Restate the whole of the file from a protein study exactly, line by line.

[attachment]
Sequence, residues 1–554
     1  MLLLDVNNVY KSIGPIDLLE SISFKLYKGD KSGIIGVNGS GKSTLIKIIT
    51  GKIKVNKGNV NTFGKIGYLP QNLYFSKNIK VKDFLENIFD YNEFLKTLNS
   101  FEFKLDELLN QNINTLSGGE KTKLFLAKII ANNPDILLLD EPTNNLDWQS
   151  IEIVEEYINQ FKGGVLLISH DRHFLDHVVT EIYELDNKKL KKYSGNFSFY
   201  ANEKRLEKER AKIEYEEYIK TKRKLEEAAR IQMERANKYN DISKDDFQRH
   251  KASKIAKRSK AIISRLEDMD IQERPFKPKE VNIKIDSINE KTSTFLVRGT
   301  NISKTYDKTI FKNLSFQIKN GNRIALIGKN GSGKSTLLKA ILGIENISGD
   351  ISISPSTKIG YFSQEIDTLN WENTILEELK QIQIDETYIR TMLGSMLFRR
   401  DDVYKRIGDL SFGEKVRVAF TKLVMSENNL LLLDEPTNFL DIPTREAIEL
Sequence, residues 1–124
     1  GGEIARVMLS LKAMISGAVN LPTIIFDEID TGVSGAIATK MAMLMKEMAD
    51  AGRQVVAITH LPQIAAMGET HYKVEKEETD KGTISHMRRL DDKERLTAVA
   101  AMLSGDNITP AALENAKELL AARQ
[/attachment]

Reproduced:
Sequence, residues 1–554
     1  MLLLDVNNVY KSIGPIDLLE SISFKLYKGD KSGIIGVNGS GKSTLIKIIT
    51  GKIKVNKGNV NTFGKIGYLP QNLYFSKNIK VKDFLENIFD YNEFLKTLNS
   101  FEFKLDELLN QNINTLSGGE KTKLFLAKII ANNPDILLLD EPTNNLDWQS
   151  IEIVEEYINQ FKGGVLLISH DRHFLDHVVT EIYELDNKKL KKYSGNFSFY
   201  ANEKRLEKER AKIEYEEYIK TKRKLEEAAR IQMERANKYN DISKDDFQRH
   251  KASKIAKRSK AIISRLEDMD IQERPFKPKE VNIKIDSINE KTSTFLVRGT
   301  NISKTYDKTI FKNLSFQIKN GNRIALIGKN GSGKSTLLKA ILGIENISGD
   351  ISISPSTKIG YFSQEIDTLN WENTILEELK QIQIDETYIR TMLGSMLFRR
   401  DDVYKRIGDL SFGEKVRVAF TKLVMSENNL LLLDEPTNFL DIPTREAIEL
Sequence, residues 1–124
     1  GGEIARVMLS LKAMISGAVN LPTIIFDEID TGVSGAIATK MAMLMKEMAD
    51  AGRQVVAITH LPQIAAMGET HYKVEKEETD KGTISHMRRL DDKERLTAVA
   101  AMLSGDNITP AALENAKELL AARQ